Variances of drawing arm movements between patients with Parkinson's disease and healthy controls were compared. The aim was to determine whether differences in joint synergies or individual joint rotations affect the endpoint (hand position) variance. Joint and endpoint coordinates were measured while participants performed drawing tasks. Variances of arm configurations and endpoints were computed and statistically analyzed for 12 patients and 12 controls. The variance of arm movements for patients (both for arm configuration and endpoint) was overall higher than that for the control group. Variation was smaller for drawing a circle versus a square and for drawing with the dominant versus the nondominant hand within both groups. The ratio of arm configuration variances between groups was similar to the ratio of endpoint variances. There were significant differences in the velocity, but not in the path lengths of movements comparing the two groups. Patients presented less movement stability while drawing different figures in different trials. Moreover, the similarity of the ratios suggests that the ill-coordinated hand movement was caused by the error in the movements of individual body parts rather than by the lack of intersegmental coordination. Thus, rehabilitation may focus on the improvement of the precision of individual joint rotations.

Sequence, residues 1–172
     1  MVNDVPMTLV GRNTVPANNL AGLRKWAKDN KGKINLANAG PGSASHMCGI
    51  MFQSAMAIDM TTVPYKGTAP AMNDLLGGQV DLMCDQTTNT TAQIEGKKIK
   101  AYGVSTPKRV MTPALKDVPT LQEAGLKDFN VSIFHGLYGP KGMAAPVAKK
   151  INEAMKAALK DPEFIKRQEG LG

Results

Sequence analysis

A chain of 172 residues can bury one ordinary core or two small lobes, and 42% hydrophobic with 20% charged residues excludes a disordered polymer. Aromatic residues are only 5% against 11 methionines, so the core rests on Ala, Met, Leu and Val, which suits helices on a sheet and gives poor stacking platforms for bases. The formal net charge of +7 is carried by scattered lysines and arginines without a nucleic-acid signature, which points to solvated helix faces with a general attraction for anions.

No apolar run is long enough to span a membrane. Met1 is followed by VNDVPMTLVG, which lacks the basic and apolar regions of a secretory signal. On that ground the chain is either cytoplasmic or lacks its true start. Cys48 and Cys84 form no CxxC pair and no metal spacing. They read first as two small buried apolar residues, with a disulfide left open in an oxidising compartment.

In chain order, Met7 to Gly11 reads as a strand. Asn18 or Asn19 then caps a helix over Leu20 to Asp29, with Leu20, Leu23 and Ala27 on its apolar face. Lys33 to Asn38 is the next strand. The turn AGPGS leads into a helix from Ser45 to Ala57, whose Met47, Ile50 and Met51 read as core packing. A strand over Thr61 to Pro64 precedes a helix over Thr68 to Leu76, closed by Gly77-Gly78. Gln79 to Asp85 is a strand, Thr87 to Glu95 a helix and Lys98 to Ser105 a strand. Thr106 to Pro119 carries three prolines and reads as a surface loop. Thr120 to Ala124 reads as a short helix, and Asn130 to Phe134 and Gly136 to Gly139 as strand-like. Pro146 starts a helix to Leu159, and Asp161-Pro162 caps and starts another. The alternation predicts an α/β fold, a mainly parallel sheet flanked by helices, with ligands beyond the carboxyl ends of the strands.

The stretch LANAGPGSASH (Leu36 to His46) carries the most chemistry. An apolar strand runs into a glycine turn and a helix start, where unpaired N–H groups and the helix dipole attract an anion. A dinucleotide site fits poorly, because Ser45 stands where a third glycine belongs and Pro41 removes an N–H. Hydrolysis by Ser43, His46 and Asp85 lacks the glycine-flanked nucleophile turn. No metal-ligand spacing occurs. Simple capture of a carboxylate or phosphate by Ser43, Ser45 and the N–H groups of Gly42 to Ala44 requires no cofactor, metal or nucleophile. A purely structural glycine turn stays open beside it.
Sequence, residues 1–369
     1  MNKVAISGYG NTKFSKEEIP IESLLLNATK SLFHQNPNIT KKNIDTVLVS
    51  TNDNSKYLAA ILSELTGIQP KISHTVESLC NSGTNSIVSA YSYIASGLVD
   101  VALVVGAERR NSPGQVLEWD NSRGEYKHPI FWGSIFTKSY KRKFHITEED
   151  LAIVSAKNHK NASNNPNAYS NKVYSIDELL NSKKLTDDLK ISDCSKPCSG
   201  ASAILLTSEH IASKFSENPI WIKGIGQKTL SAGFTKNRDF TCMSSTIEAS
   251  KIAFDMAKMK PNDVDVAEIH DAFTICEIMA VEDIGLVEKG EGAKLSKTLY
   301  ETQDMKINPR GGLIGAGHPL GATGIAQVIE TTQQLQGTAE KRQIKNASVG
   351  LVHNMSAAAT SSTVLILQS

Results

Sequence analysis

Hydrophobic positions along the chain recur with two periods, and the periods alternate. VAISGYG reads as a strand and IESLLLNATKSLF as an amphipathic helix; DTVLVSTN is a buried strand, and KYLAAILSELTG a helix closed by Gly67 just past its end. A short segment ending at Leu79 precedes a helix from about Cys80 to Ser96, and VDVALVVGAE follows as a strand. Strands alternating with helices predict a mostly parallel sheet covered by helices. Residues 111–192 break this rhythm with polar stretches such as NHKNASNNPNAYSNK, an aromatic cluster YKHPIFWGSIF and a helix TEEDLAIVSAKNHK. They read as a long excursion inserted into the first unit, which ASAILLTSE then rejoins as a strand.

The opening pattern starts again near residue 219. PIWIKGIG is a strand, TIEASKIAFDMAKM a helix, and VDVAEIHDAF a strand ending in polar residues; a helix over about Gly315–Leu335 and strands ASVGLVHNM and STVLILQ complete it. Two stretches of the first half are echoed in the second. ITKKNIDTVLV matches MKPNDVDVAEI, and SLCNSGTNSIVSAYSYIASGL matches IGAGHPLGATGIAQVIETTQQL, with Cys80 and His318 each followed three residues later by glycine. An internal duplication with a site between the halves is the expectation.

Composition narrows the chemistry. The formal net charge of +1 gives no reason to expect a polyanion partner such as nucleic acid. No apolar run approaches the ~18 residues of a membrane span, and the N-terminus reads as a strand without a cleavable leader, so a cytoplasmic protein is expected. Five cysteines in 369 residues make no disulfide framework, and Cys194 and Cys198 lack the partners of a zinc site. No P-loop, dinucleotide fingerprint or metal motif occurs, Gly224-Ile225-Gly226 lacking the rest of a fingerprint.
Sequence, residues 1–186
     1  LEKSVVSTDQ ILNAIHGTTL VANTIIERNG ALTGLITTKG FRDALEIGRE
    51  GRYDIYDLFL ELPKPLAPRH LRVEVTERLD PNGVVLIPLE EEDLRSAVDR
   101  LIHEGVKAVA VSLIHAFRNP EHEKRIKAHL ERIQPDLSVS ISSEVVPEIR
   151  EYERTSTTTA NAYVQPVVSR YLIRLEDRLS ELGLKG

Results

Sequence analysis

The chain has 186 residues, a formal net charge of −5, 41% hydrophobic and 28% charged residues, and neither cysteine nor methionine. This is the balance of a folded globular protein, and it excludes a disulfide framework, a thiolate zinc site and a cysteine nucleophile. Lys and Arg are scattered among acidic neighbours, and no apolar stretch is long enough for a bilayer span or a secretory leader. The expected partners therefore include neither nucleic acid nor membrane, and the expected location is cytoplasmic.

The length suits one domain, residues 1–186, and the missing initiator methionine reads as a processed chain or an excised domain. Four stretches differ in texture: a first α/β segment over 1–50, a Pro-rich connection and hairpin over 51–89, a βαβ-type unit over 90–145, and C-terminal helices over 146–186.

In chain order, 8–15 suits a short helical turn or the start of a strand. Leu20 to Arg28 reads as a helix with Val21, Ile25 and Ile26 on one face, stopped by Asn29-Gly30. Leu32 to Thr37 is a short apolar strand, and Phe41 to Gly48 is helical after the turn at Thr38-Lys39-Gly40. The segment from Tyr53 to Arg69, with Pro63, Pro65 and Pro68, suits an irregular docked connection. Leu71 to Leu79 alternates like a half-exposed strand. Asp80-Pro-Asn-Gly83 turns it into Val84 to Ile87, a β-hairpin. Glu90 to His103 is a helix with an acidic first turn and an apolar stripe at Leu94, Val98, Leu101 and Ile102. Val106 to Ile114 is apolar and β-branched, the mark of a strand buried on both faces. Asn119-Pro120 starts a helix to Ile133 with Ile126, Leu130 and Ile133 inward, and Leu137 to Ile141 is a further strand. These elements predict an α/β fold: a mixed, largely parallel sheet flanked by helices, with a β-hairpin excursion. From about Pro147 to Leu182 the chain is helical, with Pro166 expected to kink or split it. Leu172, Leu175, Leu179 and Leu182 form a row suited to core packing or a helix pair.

|Titolo:||The relations of hand and arm configuration variances whiletracking geometric figures in Parkinson's disease - aspects for rehabilitation|
|Data di pubblicazione:||2009|
|Appare nelle tipologie:||01.01 Articolo in Rivista|